Ray began by commenting that many birds lose on the show bench, not because they are poor specimens, but because they have not been properly prepared. The following is a description of the procedure he uses and which has brought him success over many years (he demonstrated the techniques used on a bird beonging to one of the Somerset members as he went along):


Ten weeks before the first show .....

All those which may be shown should be caught up and their flight feathers checked. Any broken ones should be carefully pulled out. The two tail feathers should not be pulled at the same time. If both are broken, the top one should be pulled first so that the new feather has support while it grows. It takes eight weeks for a bird to grow back flight and tail feathers. Once these feathers have been checked the birds can be put back into the flight or breeding cage until two or three weeks before the first show.

Two or three weeks before the first show ....

The birds should be caught up and put into clean stock or training cages. Once they have settled for a day or so, they should be given a heavy soaking. This is done with a hand or pressure spray containing very hot water and Johnson's Baby Shampoo. The water is only just warm by the time it reaches the birds. The shampoo helps remove the general dirt and grime form the feathers without harming them. From there on, until approximately 3 days before the show, the birds should be sprayed every day with cold water to which a small amount of glycerine or Plume Spray has been added. This will bring the birds' feathers into good condition. Special treatment, however, is required for the head and face. A great deal of time is spent removing all surplus feathers from the mask, either by pulling the feathers out or cutting them. He reminded everyone that if feathers are pulled out they will grow back in three to four weeks. On the other hand if the wrong feather is cut, it will not grow back until the bird has a full moult. If blood appears as spots are pulled, a dry cotton bud should be used to stop the bleeding. If blood appears when spots are being cut, it means a new quill has been cut into and the best way to stop the bleeding is to find the quill and pull it out. Dried blood can be removed using cold water.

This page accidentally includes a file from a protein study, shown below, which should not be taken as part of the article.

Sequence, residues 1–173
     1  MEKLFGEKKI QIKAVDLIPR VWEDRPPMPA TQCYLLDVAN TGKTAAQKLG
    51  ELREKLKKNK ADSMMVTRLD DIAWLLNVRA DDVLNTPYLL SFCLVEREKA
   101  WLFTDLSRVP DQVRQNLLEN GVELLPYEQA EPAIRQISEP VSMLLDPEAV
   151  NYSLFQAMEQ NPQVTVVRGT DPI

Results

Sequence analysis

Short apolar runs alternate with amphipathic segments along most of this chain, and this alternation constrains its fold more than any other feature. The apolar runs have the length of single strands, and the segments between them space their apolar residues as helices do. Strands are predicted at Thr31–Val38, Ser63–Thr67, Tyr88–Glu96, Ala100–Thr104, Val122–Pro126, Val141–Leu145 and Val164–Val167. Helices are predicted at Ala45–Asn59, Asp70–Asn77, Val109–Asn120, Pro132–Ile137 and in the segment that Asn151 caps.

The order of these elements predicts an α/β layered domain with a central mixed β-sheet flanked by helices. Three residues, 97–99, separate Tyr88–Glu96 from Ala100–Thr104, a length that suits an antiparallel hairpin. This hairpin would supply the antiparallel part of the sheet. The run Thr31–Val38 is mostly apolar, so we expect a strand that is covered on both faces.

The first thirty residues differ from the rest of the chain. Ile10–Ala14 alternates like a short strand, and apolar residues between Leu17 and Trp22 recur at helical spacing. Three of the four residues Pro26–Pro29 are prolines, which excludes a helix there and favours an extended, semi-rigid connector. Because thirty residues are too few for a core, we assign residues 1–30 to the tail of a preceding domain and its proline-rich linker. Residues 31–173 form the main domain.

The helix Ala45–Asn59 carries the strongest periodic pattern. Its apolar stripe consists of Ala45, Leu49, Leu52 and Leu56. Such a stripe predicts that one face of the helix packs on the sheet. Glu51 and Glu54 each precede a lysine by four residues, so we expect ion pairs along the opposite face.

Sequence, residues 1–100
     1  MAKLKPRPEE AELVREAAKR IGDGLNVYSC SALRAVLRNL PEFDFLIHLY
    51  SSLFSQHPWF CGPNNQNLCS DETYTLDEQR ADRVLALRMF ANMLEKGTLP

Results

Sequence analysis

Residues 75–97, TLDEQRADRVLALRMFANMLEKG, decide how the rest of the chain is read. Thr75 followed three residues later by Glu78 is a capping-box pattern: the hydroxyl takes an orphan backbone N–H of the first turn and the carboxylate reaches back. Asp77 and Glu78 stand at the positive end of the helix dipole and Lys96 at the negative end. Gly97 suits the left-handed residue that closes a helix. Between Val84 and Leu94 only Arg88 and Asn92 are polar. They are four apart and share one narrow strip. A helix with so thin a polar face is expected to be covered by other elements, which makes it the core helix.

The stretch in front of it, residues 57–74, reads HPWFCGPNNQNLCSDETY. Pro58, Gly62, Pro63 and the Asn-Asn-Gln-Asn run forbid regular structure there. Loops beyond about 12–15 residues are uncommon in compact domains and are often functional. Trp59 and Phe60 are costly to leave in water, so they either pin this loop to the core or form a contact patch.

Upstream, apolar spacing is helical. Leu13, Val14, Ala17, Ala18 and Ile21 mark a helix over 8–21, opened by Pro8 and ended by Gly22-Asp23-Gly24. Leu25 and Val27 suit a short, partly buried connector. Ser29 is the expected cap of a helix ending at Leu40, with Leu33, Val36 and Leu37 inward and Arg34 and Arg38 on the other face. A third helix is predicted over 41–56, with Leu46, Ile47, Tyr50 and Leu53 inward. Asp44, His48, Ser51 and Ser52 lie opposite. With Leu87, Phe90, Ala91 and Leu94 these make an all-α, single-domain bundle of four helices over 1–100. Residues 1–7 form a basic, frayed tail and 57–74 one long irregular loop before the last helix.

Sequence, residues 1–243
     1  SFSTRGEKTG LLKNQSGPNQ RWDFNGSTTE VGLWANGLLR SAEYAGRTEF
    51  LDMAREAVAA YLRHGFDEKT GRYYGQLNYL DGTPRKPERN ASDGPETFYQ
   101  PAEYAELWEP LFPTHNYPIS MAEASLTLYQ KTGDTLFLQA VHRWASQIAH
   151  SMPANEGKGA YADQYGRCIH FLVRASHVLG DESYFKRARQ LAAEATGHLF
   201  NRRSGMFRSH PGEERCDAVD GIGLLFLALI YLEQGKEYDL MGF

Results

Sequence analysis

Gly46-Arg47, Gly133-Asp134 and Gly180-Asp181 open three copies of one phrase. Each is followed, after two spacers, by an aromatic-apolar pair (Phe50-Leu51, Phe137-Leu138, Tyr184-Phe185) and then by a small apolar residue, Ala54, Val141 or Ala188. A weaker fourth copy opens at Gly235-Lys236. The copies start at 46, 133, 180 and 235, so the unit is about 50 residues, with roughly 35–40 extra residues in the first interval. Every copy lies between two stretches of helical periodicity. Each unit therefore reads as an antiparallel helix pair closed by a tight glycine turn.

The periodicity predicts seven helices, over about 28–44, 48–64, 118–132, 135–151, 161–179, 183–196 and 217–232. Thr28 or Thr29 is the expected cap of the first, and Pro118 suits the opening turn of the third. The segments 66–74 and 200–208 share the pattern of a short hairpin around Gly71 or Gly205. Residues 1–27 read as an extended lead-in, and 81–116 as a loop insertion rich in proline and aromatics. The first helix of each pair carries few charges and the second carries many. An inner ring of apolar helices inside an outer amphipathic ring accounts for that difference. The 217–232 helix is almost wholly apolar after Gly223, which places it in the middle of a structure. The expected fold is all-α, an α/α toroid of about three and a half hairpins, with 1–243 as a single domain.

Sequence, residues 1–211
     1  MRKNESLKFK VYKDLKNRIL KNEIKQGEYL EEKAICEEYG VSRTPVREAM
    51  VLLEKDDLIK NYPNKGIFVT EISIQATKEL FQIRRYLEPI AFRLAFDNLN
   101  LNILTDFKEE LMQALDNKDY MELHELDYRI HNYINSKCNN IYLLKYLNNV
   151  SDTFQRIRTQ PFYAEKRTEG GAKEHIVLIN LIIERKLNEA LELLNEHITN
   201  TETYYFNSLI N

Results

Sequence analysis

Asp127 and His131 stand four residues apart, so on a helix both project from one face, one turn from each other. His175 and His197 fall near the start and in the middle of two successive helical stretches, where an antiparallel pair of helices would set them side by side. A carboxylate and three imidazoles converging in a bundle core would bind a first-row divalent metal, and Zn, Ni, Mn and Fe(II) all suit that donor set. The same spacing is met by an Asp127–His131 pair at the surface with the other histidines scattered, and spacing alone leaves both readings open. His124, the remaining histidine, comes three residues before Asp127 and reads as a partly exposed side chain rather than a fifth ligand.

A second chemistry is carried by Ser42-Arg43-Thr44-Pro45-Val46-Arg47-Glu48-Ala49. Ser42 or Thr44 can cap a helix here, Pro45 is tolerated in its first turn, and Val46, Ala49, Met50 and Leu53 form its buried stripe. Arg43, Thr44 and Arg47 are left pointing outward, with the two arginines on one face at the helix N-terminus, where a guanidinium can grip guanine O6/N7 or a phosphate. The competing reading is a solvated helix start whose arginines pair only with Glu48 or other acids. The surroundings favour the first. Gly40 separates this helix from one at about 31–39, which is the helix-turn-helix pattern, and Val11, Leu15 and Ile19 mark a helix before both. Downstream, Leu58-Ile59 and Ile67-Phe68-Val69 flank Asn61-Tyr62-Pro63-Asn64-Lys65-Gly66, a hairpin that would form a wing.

The day before the show ....

The heads are washed by holding the bird in your hand and using a cotton bud to wash the top of the head with warm water to which a small amount of Johnson's Baby Shampoo had been added, paying particular attention to the feathers immediately above the eyes and the cere. The head is then immediately rinsed with clear water. At this time tail feathers are also straightened by immersing them in very hot water and gently squeezing out the excess between finger and thumb. (If you squeeze too hard you will remove the tail feathers as well as the water!)

Young Birds

These are treated in exactly the same way except that they are brought into the stock or training cages six weeks before the first show date. This gives them the opportunity to settle down and gain that little extra weight that young birds need.

Ray went on to say that his birds receive very little show cage training, that is they are not left in show cages for long periods. He puts three or four birds into one show cage while feeding the rest of the aviary (about fifteen minutes). Once a bird appears happy in the show cage he is not subjected to further stress but is returned to the stock cage. A bird that will not settle in a show cage is best left at home.